The role of the Kurdish Issue is so closely inter-related to the democratic transformation of the Middle East that its resolution cannot be underestimated in achieving full democratization in the Middle East. Yet, a potential resolution would necessitate the prevalence of a rule of law intertwined with rights, and political, religious, cultural, and civic freedoms in the entire Middle East; the Kurds constitute a significant proportion of the population in at least four crucial Middle Eastern states; namely, Iraq, Syria, Iran, and Turkey.
Τhe uprisings in Egypt, Tunisia, Libya and elsewhere have been followed by recent developments in Syria. The change of regime in Egypt and these more recent, equally important, developments in Syria clearly express the 21st century societal demand for democratization.
Two opposing forces have been the driving force behind these revolutions. Public demands for reforms have not been adequately met, possibly due to the Arab regimes’ fear that it will undermine their hold on power. Accordingly, they have responded with haphazard and half-hearted reform initiatives instead of the structural reforms needed, which has ultimately resulted in revolutionary uprisings.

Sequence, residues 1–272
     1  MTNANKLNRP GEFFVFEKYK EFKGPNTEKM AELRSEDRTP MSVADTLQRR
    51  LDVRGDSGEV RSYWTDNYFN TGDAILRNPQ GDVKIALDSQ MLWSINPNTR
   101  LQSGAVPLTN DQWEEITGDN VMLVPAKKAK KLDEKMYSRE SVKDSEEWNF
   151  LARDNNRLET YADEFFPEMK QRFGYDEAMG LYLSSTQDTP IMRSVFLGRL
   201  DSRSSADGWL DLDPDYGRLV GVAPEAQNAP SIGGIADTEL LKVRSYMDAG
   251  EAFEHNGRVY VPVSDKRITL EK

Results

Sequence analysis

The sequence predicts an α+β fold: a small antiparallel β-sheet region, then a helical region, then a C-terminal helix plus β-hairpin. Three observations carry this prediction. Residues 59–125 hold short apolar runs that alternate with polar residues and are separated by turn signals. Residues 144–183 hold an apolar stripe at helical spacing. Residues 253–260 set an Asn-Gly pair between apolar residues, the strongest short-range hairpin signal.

US foreign policy towards the region has followed a similarly indecisive trajectory, and raises an important question. If the adopted linear US foreign policy has been supportive of regional democratization as a strategy of freedom in the region as expressed through the US Plan for the Greater Middle East Initiative (November 2003) since George W. Bush’s era, then why didn’t the US try to influence the policies of regional regimes for change before it escalated into revolution?
One possible explanation could be US absorption in protecting its ‘national interest’ in the region, and the fact that the issue of terrorism has dominated US foreign policy agenda so far. This perhaps explains the non–support of such policies by US administration, even though, if they had done so, public demand might have been satisfied, and the Arab revolts avoided. Another reason for this US foreign policy outlook could lie in the US prioritization of promoting its political and economic national interests in the Middle East through the countries at the epicenter of the reform demands, while US support of the status-quo stance to favour incremental reform above more radical changes, reflects US concern for the security of its relationships in achieving its objective of the regional balance of power.